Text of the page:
2015-06-26p5310: Fix broken && chain in performance testStefan Beller
Signed-off-by: Stefan Beller <> Signed-off-by: Junio C Hamano <>
2014-06-10repack: introduce repack.writeBitmaps config optionJeff King
We currently have pack.writeBitmaps, which originally operated at the pack-objects level. This should really have been a repack.* option from day one. Let's give it the more sensible name, but keep the old version as a deprecated synonym. Signed-off-by: Jeff King <> Signed-off-by: Junio C Hamano <>
2013-12-30pack-bitmap: implement optional name_hash cacheVicent Marti
When we use pack bitmaps rather than walking the object graph, we end up with the list of objects to include in the packfile, but we do not know the path at which any tree or blob objects would be found. In a recently packed repository, this is fine. A fetch would use the paths only as a heuristic in the delta compression phase, and a fully packed repository should not need to do much delta compression. As time passes, though, we may acquire more objects on top of our large bitmapped pack. If clients fetch frequently, then they never even look at the bitmapped history, and all works as usual. However, a client who has not fetched since the last bitmap repack will have "have" tips in the bitmapped history, but "want" newer objects. The bitmaps themselves degrade gracefully in this circumstance. We manually walk the more recent bits of history, and then use bitmaps when we hit them. But we would also like to perform delta compression between the newer objects and the bitmapped objects (both to delta against what we know the user already has, but also between "new" and "old" objects that the user is fetching). The lack of pathnames makes our delta heuristics much less effective. This patch adds an optional cache of the 32-bit name_hash values to the end of the bitmap file. If present, a reader can use it to match bitmapped and non-bitmapped names during delta compression. Here are perf results for p5310: Test origin/master HEAD^ HEAD ------------------------------------------------------------------------------------------------- 5310.2: repack to disk 36.81(37.82+1.43) 47.70(48.74+1.41) +29.6% 47.75(48.70+1.51) +29.7% 5310.3: simulated clone 30.78(29.70+2.14) 1.08(0.97+0.10) -96.5% 1.07(0.94+0.12) -96.5% 5310.4: simulated fetch 3.16(6.10+0.08) 3.54(10.65+0.06) +12.0% 1.70(3.07+0.06) -46.2% 5310.6: partial bitmap 36.76(43.19+1.81) 6.71(11.25+0.76) -81.7% 4.08(6.26+0.46) -88.9% You can see that the time spent on an incremental fetch goes down, as our delta heuristics are able to do their work. And we save time on the partial bitmap clone for the same reason. Signed-off-by: Vicent Marti <> Signed-off-by: Jeff King <> Signed-off-by: Junio C Hamano <>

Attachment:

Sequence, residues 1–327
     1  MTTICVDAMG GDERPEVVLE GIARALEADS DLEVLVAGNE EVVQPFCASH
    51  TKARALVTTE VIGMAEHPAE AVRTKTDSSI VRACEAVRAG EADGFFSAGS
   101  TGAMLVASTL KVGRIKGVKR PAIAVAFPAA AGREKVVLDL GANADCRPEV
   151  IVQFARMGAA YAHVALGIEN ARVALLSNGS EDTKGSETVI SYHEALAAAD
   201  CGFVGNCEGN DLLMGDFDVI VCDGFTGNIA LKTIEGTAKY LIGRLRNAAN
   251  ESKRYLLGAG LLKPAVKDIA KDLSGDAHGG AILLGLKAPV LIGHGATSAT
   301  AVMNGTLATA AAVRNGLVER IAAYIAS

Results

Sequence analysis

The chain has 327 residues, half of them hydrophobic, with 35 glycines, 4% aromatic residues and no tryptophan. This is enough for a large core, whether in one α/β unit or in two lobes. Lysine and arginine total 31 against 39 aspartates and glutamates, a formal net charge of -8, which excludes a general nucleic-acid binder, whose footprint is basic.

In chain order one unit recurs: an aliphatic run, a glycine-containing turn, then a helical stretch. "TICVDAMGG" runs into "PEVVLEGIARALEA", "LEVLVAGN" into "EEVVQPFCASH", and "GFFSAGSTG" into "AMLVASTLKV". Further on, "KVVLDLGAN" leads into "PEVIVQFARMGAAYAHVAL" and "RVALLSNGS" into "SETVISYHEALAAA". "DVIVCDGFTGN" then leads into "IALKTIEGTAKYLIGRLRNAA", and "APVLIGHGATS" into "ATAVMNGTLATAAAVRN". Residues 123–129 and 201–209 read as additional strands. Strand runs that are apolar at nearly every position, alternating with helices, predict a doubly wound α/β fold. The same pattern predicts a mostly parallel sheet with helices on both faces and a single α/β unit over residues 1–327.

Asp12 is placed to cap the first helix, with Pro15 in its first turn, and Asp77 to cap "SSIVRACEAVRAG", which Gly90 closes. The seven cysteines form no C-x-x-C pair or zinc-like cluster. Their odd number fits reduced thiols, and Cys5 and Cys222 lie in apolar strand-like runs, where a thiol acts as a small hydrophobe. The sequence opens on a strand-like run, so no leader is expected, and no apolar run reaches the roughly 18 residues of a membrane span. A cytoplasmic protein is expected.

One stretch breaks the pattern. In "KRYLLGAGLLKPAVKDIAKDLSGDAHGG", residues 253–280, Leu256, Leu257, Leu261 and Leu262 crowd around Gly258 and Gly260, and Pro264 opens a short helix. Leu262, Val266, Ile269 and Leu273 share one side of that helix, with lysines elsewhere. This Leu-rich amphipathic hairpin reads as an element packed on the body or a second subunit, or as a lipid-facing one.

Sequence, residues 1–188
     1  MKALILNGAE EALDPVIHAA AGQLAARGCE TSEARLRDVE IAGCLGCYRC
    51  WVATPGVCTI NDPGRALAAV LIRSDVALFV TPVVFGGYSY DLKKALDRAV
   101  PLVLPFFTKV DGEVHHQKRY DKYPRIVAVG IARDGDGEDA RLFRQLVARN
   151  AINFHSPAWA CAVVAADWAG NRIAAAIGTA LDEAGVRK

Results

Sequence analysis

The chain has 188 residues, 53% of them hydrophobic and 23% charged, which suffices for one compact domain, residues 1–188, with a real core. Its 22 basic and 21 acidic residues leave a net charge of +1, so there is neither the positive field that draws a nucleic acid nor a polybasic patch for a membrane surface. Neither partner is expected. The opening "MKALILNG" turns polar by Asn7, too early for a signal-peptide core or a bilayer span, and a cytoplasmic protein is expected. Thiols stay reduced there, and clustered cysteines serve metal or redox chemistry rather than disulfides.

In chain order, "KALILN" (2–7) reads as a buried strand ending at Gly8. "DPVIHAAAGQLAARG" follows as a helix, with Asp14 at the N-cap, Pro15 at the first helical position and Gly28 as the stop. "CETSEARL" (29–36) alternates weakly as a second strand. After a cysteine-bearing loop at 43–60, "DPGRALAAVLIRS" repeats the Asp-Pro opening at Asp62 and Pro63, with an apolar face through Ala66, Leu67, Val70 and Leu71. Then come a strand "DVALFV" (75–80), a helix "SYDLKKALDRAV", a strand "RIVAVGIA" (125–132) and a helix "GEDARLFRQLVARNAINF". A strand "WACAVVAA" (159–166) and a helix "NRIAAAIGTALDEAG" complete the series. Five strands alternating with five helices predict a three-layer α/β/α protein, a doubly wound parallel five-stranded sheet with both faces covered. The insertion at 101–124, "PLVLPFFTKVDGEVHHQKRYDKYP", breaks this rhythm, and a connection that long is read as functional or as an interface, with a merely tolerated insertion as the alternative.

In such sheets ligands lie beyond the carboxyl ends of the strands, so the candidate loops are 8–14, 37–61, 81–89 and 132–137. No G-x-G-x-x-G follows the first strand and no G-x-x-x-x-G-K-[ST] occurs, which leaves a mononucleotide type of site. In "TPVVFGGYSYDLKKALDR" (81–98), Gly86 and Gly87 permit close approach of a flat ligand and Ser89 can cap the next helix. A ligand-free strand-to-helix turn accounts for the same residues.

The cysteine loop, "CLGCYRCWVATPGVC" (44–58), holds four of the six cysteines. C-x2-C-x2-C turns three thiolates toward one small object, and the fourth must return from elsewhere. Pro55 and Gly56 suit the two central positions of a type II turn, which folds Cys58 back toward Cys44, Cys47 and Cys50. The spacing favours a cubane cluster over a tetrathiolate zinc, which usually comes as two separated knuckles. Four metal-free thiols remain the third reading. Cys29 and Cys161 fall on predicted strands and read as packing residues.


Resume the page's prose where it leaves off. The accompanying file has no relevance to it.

2013-12-30t/perf: add tests for pack bitmapsJeff King
This adds a few basic perf tests for the pack bitmap code to show off its improvements. The tests are: 1. How long does it take to do a repack (it gets slower with bitmaps, since we have to do extra work)? 2. How long does it take to do a clone (it gets faster with bitmaps)? 3. How does a small fetch perform when we've just repacked? 4. How does a clone perform when we haven't repacked since a week of pushes? Here are results against linux.git: Test origin/master this tree ----------------------------------------------------------------------- 5310.2: repack to disk 33.64(32.64+2.04) 67.67(66.75+1.84) +101.2% 5310.3: simulated clone 30.49(29.47+2.05) 1.20(1.10+0.10) -96.1% 5310.4: simulated fetch 3.49(6.79+0.06) 5.57(22.35+0.07) +59.6% 5310.6: partial bitmap 36.70(43.87+1.81) 8.18(21.92+0.73) -77.7% You can see that we do take longer to repack, but we do way better for further clones. A small fetch performs a bit worse, as we spend way more time on delta compression (note the heavy user CPU time, as we have 8 threads) due to the lack of name hashes for the bitmapped objects. The final test shows how the bitmaps degrade over time between packs. There's still a significant speedup over the non-bitmap case, but we don't do quite as well (we have to spend time accessing the "new" objects the old fashioned way, including delta compression). Signed-off-by: Jeff King <> Signed-off-by: Junio C Hamano <>